2.9Anchors Joint

(Nkosi, Sabela, Nkosi)

2.10Black Smith

(Given Sabela)

2.11Tell Me

(Patrick Nkosi, Anderson Nkosi)

2.12The Way That You Love Me

(Given Sabela, Patrick Nkosi)



EZROM KGOMO - vocals
ANDERSON NKOSI - lead guitar
CONDRY ZIQUBU - rhythm guitar



Under the influence of the Memphis Sound of groups like Booker T and the MGs, organ jive swept South Africa in the late 1960s and The Anchors were one of the earliest purveyors of this style of music. This LP appears to be their first.

Soul Upstairs was produced by Ray Nkwe, then the president of the newly formed Jazz Appreciation Society (see JAS Pride label). Nkwe must have played a significant role in promoting this sound in the late 1960s because in the same year he also produced the first album, Soul-A-Go-Go, by another significant soul group, The Beaters (later renamed Harari).

Soul Upstairs was recorded in March 1969 at Herrick Merrill Studios in Johannesburg and issued on the City Special label. The LP appears to be that labels first project unless there is a CYL 1000 out there. Of course this label would soon be famously dominated by another organ driven soul group — The Movers.

According to Max Mojapelo the group was formed by Ezrom Kgomo and Collins Mashego. At various times the band also included Simon 'Bra Jika' Twala on bass, Philip Malela, Pepsi Rapoo on vocals and Herman Fox on lead guitar. Majepelo goes on to say that the group was later joined by Condry Ziqubu, Given Sabela, Dinah Mbatha and brother Lucky Mbatha, Mbokoto Nkosi and Jabu Nkosi, son of the legendary 'Zacks' Nkosi. It is not clear to me whether keyboardist Jabu Nkosi is the same as Patrick Nkosi who plays the organ on this recording or which version of the group is the original lineup.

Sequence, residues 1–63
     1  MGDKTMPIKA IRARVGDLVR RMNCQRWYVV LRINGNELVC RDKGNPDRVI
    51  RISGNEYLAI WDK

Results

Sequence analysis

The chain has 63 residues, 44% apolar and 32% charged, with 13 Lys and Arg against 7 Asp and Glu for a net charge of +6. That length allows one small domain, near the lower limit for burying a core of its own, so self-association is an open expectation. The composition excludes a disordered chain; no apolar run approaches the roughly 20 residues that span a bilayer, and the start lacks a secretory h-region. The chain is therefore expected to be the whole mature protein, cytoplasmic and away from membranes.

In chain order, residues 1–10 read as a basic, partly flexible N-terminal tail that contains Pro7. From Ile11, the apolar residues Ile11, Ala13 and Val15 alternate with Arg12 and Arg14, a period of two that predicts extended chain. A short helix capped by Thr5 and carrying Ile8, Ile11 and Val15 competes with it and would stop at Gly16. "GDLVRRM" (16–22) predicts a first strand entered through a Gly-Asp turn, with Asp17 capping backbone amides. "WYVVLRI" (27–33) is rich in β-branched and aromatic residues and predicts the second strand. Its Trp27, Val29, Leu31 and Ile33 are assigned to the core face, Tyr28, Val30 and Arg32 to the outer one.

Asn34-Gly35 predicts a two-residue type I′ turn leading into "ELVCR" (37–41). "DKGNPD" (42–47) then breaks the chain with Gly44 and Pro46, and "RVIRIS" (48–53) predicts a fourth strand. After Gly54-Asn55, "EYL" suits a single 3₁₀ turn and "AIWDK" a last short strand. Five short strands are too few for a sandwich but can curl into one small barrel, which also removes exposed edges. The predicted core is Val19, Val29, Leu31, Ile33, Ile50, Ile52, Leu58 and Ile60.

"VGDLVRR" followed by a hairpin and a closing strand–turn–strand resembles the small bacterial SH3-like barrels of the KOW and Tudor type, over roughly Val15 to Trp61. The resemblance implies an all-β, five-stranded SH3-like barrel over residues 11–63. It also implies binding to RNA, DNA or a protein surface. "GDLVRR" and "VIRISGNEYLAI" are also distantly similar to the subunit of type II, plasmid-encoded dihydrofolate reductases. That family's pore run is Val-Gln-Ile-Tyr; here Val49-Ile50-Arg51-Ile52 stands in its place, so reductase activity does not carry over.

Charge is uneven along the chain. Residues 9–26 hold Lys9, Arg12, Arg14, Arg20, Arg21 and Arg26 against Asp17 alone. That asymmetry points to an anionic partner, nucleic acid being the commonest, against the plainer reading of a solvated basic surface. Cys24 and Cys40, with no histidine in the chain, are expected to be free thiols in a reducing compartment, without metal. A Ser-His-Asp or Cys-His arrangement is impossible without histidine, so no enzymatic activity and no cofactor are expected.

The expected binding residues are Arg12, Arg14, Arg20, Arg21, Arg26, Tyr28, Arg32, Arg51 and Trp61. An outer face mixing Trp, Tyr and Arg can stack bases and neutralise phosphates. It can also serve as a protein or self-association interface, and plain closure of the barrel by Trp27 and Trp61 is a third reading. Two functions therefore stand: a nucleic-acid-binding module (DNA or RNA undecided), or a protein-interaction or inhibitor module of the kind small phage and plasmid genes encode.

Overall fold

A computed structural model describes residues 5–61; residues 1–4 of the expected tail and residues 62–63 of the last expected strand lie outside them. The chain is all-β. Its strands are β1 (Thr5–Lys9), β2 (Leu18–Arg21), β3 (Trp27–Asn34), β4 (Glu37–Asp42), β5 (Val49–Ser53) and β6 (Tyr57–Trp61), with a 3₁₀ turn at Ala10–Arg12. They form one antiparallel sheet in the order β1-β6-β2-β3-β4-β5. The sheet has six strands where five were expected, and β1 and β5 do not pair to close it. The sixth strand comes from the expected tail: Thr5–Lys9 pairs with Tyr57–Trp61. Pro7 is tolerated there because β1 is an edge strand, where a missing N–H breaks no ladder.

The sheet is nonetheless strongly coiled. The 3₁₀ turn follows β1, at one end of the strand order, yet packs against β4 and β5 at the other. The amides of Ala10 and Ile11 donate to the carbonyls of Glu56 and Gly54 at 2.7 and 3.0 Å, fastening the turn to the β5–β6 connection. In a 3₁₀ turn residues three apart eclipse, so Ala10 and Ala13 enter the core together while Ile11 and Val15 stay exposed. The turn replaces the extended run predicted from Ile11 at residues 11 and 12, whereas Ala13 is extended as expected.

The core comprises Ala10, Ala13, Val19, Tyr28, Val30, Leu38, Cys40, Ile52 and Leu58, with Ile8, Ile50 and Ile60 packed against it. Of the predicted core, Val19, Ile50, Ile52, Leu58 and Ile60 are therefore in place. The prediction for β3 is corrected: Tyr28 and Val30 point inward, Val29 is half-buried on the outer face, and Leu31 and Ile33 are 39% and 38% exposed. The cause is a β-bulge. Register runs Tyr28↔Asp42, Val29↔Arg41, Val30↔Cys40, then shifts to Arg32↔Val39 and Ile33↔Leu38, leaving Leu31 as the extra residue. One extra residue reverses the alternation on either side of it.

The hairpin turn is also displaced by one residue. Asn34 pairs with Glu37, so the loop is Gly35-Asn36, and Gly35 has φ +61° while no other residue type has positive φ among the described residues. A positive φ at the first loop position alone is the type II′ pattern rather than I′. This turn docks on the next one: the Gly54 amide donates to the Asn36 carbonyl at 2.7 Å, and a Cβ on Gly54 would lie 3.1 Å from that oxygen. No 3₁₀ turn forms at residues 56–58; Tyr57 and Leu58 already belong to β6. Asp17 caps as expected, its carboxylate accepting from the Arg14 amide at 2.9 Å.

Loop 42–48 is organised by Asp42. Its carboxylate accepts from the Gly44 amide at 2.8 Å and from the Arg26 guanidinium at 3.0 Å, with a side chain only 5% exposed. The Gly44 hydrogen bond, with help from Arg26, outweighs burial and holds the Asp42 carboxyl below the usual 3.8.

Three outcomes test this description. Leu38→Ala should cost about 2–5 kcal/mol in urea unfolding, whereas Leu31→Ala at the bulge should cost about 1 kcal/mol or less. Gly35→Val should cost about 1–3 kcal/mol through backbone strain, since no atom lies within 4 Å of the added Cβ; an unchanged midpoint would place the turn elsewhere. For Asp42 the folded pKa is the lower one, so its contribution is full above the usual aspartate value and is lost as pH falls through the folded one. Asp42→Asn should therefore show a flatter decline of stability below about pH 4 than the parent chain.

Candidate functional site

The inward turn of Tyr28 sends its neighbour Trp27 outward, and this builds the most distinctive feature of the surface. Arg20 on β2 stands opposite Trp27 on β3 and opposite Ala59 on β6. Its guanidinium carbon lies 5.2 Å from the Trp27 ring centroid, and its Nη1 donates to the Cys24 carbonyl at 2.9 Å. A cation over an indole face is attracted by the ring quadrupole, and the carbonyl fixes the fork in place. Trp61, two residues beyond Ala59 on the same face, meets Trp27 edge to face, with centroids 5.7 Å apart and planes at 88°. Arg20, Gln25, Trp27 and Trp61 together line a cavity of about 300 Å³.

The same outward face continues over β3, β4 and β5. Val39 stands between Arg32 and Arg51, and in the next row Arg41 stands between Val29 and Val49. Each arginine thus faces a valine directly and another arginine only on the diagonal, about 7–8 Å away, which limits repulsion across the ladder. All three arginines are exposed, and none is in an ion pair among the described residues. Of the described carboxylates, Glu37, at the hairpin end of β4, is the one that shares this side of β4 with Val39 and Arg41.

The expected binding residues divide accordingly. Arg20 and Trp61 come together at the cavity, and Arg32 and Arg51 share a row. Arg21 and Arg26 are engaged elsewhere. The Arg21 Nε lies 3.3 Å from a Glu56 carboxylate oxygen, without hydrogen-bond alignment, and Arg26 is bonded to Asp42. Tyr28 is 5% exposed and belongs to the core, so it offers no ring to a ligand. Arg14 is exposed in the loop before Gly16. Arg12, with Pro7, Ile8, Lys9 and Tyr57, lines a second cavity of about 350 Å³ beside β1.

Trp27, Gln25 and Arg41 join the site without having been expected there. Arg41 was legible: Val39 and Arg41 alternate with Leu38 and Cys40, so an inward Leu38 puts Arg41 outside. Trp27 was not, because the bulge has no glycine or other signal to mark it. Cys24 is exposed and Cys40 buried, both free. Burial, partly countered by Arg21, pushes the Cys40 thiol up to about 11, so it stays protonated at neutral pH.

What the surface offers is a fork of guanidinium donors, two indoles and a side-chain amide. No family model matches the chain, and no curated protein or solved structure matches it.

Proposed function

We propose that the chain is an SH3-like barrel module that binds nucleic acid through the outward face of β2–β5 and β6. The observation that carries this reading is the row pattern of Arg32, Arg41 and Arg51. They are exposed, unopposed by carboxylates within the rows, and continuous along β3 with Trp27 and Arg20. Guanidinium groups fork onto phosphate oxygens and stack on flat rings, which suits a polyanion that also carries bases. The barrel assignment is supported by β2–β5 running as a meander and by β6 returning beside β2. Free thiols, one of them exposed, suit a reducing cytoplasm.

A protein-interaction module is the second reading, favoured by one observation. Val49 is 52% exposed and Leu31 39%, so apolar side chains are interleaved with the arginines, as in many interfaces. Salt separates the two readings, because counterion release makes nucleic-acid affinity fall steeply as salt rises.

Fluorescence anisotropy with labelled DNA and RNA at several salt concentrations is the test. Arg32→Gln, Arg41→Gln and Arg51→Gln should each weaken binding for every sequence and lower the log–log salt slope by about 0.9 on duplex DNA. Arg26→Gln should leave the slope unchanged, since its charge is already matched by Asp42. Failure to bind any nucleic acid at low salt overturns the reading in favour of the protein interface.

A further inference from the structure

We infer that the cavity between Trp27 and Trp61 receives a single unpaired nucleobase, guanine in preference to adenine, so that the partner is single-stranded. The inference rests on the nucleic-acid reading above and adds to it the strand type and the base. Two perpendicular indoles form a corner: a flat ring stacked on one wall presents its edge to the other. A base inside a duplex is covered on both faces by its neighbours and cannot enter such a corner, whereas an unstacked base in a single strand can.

Nevertheless, the Anchors split in the early 1970s with Simon Twala, Philip Malela and Herman Fox going on to form the Flaming Souls, another famed soul group of the period. Condry Ziqubu would soon replace Fox in that group on lead guitar after his untimely death by stabbing. Ziqubu then moved on to the group Harari in 1980. Both Dinah Mbatha and Philip Malela migrated to the Movers. Collins Mashego after becoming an MC would later join the SABC. Mojapelo also mentions that he produced the historic funeral of the late Simon Mahlathini Nkabinde. Given Sabela and Jabu Nkosi would also record with 'Zacks' Nkosi on his classic 1976 LP Our Kind of Jazz (not the 1964 compilation of 78s).

Last Time, a single (not on this LP) by the group, is featured on the excellent Next Stop Soweto Vol. 2 (2010) album, one of the best compilations in recent years.